“Not that we dare to classify or compare ourselves with some of those who are commending themselves. But when they measure themselves by one another and compare themselves with one another, they are without understanding”– 2 Corinthians 10:12
Last week, I had my first counseling visit in which I reviewed some of my concerns with a social worker working in the behavioral health clinic here on post. I felt relieved that I was finally doing something about some of the negative thinking that I’ve been doing over the last few months and I look forward to the sessions ahead. During this appointment, I admitted that I have a tendency to compare my progress with that of my peers and that I have always done this. Lately, with the advent of such social media outlets like Facebook, it is easier to brag about one’s accomplishments and it is even easier to be envious of your “friends'” success stories. The older I get, the more I seem to notice more job promotions and business start ups, home purchases, and the inevitable proposal/marriage/pregnancy/birth announcements. It is very easy to get side tracked by what your friends are doing in their own lives that you forget about your own journey. And I admit, this is my program to. the. T. It has been more and more difficult accepting my current situation while I watch former classmates and colleagues find success and happiness and just about everything they pursue, it seems. They claim that if you work hard and trust God you can do everything! “Look at me!” they claim “I finally got that job promotion. Ain’t God good!?” Meanwhile, I find it hard to even read many of my friends’ status updates, knowing it will be just another opportunity to find fault with my own journey. These comparisons were making me unhappy and were making me feel like a loser. By many standards that my generation set for ourselves, I’d probably be considered a loser….
But wait…is that a fair conclusion to make? That just because I chose to start a family before establishing a career; that just because I have yet to buy a house; that just because my finances aren’t where I’d like them to be; that just because I have yet to find my purpose in life… would it still mean that I need to buckle down and get my shit together?
Am I loser because I had to live with my mother for two years because my first career choice didn’t work out and we needed help? And am I still a loser because my mom helps us out still? Are we losers because we enlisted in the Army and I am a stay at home mom who depends on her husband to provide and protect? Am I a loser because I have two degrees but am not using them?
These are the thoughts I struggle with daily. It is very difficult to look at the goals I had and plans I had and realize that the choices that I have made drastically changed the way my life was supposed to go. While some people may question the way I chose to do things I know there is a deeper reason for it. For instance, starting my own family was so important to me. I was so afraid of my children not knowing my parents because they were older. I never really knew my grandparents and I didn’t want that for my kids. So I chose to marry young and have children right away, even before having a steady career. I figure a career would easily follow.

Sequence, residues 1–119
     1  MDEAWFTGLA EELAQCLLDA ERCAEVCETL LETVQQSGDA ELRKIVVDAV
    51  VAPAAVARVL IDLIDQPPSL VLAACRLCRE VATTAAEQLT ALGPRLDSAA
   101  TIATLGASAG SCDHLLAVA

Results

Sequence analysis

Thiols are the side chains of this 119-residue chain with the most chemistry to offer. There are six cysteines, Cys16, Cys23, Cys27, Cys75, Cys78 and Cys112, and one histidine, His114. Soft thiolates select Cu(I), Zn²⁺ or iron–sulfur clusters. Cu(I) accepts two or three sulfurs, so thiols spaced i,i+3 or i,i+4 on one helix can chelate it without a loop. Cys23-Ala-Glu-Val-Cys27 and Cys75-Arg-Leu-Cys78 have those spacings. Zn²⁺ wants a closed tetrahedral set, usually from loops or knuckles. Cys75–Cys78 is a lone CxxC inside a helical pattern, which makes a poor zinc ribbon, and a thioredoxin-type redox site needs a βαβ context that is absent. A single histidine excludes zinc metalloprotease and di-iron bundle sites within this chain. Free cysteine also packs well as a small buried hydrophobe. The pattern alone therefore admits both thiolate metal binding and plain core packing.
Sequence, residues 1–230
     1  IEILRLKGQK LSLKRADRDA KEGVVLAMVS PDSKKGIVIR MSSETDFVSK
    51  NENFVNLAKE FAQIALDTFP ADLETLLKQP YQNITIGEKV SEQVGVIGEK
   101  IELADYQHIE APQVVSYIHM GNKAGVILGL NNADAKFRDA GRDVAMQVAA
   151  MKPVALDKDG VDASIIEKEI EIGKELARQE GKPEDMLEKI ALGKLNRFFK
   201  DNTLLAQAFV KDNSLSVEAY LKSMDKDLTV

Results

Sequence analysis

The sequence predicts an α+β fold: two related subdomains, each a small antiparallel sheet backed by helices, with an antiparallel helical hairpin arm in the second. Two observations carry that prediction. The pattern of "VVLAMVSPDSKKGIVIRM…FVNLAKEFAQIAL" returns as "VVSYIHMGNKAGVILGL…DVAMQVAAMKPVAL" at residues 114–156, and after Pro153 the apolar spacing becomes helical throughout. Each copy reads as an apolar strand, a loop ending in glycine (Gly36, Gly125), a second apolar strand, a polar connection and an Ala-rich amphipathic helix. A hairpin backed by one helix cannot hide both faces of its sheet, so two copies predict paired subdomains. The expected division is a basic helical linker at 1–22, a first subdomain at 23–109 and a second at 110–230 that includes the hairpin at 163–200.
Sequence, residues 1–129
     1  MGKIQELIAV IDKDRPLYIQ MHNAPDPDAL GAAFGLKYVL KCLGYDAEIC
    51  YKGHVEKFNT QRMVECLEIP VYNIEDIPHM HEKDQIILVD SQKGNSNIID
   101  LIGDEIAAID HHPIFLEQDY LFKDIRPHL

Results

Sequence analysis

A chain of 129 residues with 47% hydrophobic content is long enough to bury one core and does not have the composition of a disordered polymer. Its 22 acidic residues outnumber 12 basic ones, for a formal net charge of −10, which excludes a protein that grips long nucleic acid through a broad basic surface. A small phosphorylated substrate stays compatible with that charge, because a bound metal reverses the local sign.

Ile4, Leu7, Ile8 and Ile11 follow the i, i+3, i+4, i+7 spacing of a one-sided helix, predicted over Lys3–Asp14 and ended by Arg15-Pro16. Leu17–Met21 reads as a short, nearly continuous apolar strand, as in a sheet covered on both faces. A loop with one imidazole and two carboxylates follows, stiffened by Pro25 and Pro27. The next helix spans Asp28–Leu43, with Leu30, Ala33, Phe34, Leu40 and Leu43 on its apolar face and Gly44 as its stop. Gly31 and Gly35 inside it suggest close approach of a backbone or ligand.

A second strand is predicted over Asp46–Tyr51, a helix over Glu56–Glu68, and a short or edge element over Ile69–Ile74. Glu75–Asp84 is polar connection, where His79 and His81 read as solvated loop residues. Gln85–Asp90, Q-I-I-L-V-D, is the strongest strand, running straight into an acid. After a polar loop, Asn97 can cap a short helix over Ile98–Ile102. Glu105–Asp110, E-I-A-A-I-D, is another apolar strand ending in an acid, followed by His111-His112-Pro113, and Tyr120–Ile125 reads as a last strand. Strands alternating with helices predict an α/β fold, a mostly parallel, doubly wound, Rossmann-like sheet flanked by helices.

And as far as getting help from my mother… I am my mom’s only child. And although I don’t ask for it, she finds that the little bit that she can help allows her to be a part of her grandchildren’s lives. The physical distance may keep her away but her constant support allows her to feel that she is present in some way.
And I am finding a way to get my shit together. It is very difficult to work right now because of all the needs my three children have. No one tells you that your children might have behavioral issues or speech complications when you are expecting. And there aren’t many therapists who do evening and weekend visits. So I made a choice to put my career on hold some more and get my children the help they need. Sacrifice doesn’t even begin to describe what you have to do when you have children… not. even. close.
So in the days and weeks ahead, as I start my therapeutic journey, I will be writing on my progress. I know the first thing that has to change is my thinking. I have got to stop comparing myself to others. It’s no offense to anyone really but I don’t care to see pictures of your 40th vacation this year, or photos of your new office. I don’t really want to know that you just bought a home or that your kid is a little genius who can multiply and divide and spell every state’s capital in Spanish they are only 3. Oh and this 3 year old is perfectly well behaved all. the. time. Know that I am not hating on you and your success. I know you’ve worked hard to get to where you are. This is my journey and I can only focus on that, not on your timeline! Now it’s time to get to work!